Pink is opening up about how COVID-19 was a painful ordeal for her and her young son, Jameson.
Days after revealing that she and her 3-year-old son had recovered after testing positive for the coronavirus, the songstress sat down with author Jen Pastiloff for an Instagram Live interview on Sunday and opened up about their tearful battle with the ailment.
"There were many nights when I cried," Pink shared. "I’ve never prayed more in my life."
The "Beautiful Trauma" songstress also reflected on the various rumors and speculation that have been circulating about the coronavirus, including the suggestion that children aren't as badly affected by it and won't show symptoms -- which has since proven false.
"It’s funny, at one point, I heard myself saying, ‘I thought they promised our kids would be OK,'" she shared. "But it’s not guaranteed. There is no one that is safe from this.”
Pink went on to say that Jameson got "the worst of it" while the two were sick together and that he's had a hard time dealing with the painful affliction.
"He’s been really, really sick. It’s been really, really scary. It’s been really up and down, and I’ve been on Nebulizers for the first time in 30 years," Pink shared, referring to her own pre-existing asthma condition. "That’s been really scary for me."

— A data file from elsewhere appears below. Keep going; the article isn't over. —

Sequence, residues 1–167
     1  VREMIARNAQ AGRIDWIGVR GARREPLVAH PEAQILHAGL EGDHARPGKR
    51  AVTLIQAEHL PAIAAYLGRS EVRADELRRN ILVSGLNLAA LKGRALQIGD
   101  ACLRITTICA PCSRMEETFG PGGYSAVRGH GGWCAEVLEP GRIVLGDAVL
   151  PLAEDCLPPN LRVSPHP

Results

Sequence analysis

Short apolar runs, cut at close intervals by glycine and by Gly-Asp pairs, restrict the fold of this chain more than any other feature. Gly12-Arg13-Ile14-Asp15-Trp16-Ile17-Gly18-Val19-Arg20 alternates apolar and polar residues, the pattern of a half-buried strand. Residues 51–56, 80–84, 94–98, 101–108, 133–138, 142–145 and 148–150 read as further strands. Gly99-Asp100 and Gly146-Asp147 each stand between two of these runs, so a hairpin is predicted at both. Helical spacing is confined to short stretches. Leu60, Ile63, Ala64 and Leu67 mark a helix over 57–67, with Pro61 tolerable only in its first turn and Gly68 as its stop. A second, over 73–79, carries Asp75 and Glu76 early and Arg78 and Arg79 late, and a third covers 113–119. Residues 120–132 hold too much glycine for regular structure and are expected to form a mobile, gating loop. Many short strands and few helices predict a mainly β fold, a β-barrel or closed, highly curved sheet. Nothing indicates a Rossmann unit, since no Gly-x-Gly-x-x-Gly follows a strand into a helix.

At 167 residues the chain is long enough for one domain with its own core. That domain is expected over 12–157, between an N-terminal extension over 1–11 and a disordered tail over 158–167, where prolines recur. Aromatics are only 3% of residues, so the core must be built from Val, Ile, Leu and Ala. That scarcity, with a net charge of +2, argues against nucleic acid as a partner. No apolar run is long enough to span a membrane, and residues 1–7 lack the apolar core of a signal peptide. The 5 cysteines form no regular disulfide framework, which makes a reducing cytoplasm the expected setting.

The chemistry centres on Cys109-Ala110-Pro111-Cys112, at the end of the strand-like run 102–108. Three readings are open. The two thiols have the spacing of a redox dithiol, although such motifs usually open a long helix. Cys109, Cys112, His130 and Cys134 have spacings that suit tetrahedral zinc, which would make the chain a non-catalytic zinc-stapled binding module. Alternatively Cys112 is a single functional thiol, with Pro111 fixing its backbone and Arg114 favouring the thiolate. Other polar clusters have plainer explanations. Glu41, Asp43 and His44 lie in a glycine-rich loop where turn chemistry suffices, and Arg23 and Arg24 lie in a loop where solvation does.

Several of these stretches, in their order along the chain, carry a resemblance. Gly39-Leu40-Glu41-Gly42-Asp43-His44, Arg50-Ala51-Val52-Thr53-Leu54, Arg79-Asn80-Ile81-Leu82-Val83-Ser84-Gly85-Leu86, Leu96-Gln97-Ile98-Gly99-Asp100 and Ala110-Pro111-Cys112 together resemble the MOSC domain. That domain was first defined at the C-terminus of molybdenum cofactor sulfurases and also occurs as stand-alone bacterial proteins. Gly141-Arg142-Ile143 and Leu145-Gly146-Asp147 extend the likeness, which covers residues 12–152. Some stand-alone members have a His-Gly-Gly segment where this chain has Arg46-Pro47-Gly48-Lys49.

"I’ve kept a journal of his symptoms for the past three weeks and mine as well. He still, three weeks later, has a 100 temperature. It’s been a rollercoaster for both of us," she said, adding that her husband, Carey Hart, and their 8-year-old daughter, Willow, "Have been perfectly fine."
"Two weeks ago my three-year old son, Jameson, and I are were showing symptoms of COVID-19," Pink captioned the pic. "Fortunately, our primary care physician had access to tests and I tested positive. My family was already sheltering at home and we continued to do so for the last two weeks following the instruction of our doctor. Just a few days ago we were re-tested and are now thankfully negative."
"It is an absolute travesty and failure of our government to not make testing more widely accessible," she continued. "This illness is serious and real. People need to know that the illness affects the young and old, healthy and unhealthy, rich and poor, and we must make testing free and more widely accessible to protect our children, our families, our friends and our communities."